# Why is it that str.replace doesn't work sometimes?

Ken Dyck kd at kendyck.com
Wed Jun 24 18:38:20 CEST 2009

```On Jun 24, 12:11 pm, humn <xelothat... at gmail.com> wrote:
> I'm confused as to why this works:
>
> if '\chapter' in line:
>         line = line.replace('\chapter{', '[b][u]')
>         line = line.replace('}', '[/b][/u]')
>
> but this doesn't:
>
> if '\title' in line:
>         line = line.replace('\title{', '[size=150][b]')
>         line = line.replace('}', '[/b][/size]')

In string literals---whether they use single or double quotes---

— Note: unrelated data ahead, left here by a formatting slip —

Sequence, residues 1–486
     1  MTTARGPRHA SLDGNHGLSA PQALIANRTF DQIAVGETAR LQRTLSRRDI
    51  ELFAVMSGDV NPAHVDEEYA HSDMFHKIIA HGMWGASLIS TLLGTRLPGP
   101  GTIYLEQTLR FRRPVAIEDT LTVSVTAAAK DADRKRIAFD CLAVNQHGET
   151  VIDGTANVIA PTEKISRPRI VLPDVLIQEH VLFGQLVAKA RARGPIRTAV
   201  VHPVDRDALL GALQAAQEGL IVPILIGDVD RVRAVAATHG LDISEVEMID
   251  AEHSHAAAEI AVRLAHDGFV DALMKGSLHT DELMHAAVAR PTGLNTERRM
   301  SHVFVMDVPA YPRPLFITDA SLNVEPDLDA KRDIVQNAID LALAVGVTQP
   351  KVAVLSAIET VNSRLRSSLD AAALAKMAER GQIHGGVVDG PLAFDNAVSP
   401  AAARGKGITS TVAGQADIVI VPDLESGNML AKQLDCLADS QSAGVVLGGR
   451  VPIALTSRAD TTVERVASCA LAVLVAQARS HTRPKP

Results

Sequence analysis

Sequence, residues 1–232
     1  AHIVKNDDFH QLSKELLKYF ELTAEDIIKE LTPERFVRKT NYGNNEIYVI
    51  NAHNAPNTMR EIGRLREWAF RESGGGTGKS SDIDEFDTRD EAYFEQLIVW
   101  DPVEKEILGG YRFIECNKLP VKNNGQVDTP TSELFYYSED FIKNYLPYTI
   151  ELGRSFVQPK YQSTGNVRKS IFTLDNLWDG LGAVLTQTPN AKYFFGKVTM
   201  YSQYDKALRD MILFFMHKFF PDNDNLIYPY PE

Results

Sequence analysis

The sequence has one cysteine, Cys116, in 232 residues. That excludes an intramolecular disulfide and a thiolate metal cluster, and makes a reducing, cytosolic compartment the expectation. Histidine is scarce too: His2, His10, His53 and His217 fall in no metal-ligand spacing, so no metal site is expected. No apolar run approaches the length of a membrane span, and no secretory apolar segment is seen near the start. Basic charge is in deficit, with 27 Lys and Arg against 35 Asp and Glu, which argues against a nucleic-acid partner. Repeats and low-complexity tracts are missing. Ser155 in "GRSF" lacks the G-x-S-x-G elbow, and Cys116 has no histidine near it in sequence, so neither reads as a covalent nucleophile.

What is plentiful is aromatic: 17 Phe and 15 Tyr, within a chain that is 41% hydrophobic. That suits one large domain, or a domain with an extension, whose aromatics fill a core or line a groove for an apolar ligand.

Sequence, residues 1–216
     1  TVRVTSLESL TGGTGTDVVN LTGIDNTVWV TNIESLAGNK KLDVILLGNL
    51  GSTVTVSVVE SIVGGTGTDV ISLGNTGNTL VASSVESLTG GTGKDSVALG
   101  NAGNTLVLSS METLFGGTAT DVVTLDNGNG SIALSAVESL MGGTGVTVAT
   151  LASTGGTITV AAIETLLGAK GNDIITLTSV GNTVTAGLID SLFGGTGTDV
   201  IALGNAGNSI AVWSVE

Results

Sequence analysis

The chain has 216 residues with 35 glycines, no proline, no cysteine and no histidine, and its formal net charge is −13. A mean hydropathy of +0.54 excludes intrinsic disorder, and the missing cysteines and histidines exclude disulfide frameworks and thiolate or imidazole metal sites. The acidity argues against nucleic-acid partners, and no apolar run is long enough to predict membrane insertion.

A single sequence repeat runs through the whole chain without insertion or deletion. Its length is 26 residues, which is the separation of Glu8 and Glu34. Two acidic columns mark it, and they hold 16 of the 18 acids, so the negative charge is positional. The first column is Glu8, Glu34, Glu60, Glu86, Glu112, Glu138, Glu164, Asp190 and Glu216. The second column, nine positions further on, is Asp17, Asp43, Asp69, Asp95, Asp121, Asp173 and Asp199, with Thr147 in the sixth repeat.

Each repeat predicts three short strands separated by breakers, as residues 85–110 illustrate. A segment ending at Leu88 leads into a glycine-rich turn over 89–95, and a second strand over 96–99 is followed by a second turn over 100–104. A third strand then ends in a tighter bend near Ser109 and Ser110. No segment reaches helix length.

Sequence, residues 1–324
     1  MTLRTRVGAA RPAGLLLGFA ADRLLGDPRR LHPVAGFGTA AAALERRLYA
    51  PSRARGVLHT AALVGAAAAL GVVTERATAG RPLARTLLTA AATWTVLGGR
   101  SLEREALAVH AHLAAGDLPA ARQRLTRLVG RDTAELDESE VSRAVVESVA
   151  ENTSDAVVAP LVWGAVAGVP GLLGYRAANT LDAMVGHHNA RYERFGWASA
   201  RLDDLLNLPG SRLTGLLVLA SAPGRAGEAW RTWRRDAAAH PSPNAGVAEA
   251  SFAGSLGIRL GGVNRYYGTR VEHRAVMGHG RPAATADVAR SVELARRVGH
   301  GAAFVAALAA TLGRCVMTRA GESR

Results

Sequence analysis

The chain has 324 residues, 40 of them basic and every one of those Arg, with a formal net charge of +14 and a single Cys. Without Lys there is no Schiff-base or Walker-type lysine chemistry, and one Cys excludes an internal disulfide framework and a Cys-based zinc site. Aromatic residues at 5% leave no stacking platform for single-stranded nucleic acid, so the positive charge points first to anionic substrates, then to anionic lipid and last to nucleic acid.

backslashes are used as escape characters to denote special
characters. The '\t' in '\title' is interpreted as the tab character
so the string that your code is trying to find and replace is actually
'<TAB>itle'. There isn't any special meaning for '\c', so python
interprets that to mean a backslash followed by the character 'c',
which is why the first case works.

There are two ways to solve the problem:

1. Prefix the string literal with an 'r', indicating that backslashes
should not be treated as escape characters (eg. r'\title'), or
2. Use a double backslash in the string literal to indicate that you
mean a literal backslash, not an escape character (eg. '\\title')

The official documentation, including a list of the special escape
sequences, is here:
http://docs.python.org/reference/lexical_analysis.html#string-literals

-Ken

```

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